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Five performers gleefully throw themselves around the stage inside Southbank’s upside down purple cow. Displays of tumbling, trapeze and acrobatics abound, but what makes Australian company Circa’s show different from other circus isn’t their physical skill. Closer is full of unadulterated joy and celebration of human intimacy. Personality is on show as much as circus skills are, and Closer is a powerful reminder to share our emotions with those around us because it feels great to connect with others.

The ensemble of five begin with a sequence more akin to contemporary dance than circus. It suits the show’s pared back aesthetic of black costumes on a black stage that draws all focus onto their movement. Without the spectacle now common in modern circus, there are only bodies in space and their relationships with each other. It’s a refreshing change from the often vapid glitz and glam that draws attention away from the performers. Even the sections with equipment and props keep it simple: a white rope, plain wooden chairs, single coloured hoops. Every other sequence is acrobatic and balancing on each other, showcasing feats of strength and agility and how bodies can interact with each other. These numbers are by far more interesting than the solo displays of trapeze, hula hooping, hand balancing and rope work, though they are not without skill.

There is no narrative framework, and the simplicity is reminiscent of children at play. Emotions are clearly expressed facially, be they resentment, longing, or happiness. They’re a joy to watch, even if the plot they act out is a secret looked in their own minds as they hug, cuddle and throw themselves into each other’s arms. Obviously circus performers are often in contact with each other’s bodies, but the usual lack of expression doesn’t facilitate character relationships. Here, though there are no explicit characters, the ever-changing relationships between the performers are always clear.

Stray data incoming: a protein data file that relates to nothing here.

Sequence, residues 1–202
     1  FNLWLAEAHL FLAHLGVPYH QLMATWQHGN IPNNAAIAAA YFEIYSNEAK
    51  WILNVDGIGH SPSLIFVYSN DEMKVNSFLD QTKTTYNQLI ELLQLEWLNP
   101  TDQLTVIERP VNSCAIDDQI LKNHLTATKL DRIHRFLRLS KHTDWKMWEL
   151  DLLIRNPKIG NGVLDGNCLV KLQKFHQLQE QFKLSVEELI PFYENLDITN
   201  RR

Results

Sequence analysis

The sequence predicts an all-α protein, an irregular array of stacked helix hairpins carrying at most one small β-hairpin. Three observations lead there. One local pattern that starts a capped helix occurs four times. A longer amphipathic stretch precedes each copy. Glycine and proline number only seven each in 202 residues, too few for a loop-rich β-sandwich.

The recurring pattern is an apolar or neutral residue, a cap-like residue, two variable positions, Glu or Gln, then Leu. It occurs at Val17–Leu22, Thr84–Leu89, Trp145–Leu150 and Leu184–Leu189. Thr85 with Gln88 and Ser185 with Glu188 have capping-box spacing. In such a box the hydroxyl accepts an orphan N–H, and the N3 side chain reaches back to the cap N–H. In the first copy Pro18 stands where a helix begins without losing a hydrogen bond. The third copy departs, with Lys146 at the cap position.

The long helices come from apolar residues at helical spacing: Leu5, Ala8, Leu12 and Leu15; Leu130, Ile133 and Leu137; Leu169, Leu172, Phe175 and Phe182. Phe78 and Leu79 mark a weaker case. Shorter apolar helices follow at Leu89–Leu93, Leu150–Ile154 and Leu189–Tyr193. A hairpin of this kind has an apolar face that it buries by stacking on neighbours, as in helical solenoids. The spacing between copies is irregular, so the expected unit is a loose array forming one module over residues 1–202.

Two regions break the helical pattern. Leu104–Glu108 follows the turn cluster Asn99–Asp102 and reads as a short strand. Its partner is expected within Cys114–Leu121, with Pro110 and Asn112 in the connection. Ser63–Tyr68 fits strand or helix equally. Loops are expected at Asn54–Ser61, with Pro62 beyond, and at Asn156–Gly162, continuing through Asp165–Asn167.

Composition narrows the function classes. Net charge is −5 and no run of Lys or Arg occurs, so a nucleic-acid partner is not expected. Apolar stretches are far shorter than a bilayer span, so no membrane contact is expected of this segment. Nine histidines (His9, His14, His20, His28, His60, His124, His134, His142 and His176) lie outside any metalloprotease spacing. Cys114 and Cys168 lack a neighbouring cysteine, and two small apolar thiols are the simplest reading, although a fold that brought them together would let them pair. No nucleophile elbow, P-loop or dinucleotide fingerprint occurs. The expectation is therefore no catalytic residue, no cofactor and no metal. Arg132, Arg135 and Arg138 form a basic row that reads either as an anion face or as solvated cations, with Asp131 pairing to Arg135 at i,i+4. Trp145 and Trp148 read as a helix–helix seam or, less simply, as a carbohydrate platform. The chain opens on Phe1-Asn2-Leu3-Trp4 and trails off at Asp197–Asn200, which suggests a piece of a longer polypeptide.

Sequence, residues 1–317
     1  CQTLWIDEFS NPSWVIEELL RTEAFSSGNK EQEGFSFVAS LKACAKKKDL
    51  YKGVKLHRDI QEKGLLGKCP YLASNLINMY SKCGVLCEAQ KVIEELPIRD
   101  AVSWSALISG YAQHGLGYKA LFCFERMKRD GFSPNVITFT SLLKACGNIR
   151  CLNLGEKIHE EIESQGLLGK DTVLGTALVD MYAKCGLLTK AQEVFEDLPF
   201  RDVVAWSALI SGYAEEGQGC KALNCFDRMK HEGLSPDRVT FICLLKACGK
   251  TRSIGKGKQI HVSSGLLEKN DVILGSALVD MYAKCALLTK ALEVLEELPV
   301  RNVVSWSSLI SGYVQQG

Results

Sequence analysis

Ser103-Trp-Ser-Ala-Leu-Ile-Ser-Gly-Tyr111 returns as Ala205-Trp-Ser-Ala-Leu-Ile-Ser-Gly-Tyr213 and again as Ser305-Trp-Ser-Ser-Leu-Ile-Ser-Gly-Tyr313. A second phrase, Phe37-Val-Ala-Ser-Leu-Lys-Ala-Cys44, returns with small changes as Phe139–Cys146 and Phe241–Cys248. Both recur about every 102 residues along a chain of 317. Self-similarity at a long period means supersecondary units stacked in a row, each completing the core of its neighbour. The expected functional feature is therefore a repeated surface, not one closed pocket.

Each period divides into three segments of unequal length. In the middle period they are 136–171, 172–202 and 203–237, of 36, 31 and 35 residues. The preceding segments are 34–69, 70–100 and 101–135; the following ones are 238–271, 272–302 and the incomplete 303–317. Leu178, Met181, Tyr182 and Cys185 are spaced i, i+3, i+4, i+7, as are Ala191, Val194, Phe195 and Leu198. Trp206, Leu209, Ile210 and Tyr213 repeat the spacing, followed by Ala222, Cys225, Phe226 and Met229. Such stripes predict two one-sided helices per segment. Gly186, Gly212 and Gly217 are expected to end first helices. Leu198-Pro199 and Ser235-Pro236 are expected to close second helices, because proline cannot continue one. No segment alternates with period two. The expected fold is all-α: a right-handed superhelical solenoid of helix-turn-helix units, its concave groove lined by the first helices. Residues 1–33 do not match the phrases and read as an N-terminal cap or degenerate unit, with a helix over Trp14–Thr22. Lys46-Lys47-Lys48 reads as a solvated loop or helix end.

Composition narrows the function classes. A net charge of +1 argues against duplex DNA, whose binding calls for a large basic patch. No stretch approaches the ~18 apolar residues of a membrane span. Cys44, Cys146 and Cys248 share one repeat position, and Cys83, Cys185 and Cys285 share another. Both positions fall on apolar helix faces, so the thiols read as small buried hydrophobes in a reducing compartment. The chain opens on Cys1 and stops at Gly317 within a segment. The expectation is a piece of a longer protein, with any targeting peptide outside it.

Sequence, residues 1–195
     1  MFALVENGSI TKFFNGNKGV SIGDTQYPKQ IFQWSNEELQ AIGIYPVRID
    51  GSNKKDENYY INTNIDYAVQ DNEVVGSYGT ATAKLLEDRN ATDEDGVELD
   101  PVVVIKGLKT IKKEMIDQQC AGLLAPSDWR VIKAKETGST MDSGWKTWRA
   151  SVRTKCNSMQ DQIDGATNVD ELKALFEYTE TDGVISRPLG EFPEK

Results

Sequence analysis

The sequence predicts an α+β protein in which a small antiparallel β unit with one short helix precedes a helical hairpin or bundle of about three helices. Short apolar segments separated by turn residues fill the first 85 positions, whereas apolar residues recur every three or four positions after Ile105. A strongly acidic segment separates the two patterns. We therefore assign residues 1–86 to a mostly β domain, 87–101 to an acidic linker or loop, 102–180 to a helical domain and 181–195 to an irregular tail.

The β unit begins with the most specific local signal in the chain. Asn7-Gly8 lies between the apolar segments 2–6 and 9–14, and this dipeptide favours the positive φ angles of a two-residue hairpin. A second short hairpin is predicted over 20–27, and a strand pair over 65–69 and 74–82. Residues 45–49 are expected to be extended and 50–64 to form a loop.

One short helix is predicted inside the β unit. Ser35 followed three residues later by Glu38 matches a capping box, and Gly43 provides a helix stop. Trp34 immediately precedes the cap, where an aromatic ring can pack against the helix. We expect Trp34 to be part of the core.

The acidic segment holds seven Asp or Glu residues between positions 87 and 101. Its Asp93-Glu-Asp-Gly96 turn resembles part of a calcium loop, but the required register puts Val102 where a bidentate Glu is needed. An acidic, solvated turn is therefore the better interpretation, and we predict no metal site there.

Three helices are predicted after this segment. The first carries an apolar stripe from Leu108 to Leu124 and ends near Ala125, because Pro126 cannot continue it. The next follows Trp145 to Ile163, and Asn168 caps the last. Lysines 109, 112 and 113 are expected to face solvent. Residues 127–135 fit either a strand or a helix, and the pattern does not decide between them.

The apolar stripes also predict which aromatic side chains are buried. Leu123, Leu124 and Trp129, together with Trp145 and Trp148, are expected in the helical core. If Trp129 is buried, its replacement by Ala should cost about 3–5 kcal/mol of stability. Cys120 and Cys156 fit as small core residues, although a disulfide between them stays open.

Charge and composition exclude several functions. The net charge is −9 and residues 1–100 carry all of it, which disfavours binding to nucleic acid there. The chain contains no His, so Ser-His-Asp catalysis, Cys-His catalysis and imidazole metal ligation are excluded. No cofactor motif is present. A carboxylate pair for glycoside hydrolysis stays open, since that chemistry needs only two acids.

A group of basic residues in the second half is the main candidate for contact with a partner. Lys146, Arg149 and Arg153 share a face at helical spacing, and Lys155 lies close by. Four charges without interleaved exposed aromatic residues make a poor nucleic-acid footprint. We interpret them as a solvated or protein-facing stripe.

The promised intimacy was plentiful between the performers, but less so with the audience. Udderbelly isn’t a small venue by any means, so even though the front row might feel a thrill from the performers being so close, the back row’s experience is more diluted. There is some audience participation but in this large, nearly full venue it still doesn’t stretch to the “intimacy” label.

Closer is not typical contemporary circus, and it’s all the better for it. Apart from the corporate sponsor’s logo emblazoned across the backdrop before the start, Circa’s work avoids the pitfalls of the form; instead it looks at the basics of human interaction through movement and circus. The performers’ bodies moving through space and stretching themselves to physical limits demonstrates what we do for the people we love without any sequins or glitter.

Closer runs through 12 June.

The Play’s the Thing UK is committed to covering fringe and progressive theatre in London and beyond. It is run entirely voluntarily and needs regular support to ensure its survival. For more information and to help The Play’s the Thing UK provide coverage of the theatre that needs reviews the most, visit its patreon.

Twelfth Night, Hope Theatre

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Fringe Shakespeare can be terrible, brilliant and everything in between those two ends of the spectrum. The better productions are vivacious and effortlessly handle Shakespeare’s language whether or not they are updated to a more modern setting, edited heavily or otherwise adapted with a concept. Thick as Thieves’ Twelfth Night is one of these good ones. Four versatile actors play all the parts in this bouncy interpretation that incorporates onstage character changes, plenty of music and audience interaction, and some clever character interpretations. At two hours long with an interval, the text doesn’t feel butchered though the interval isn’t particularly needed. With few faults, this is one of the best Twelfth Nights of recent fringe Shakespeare productions.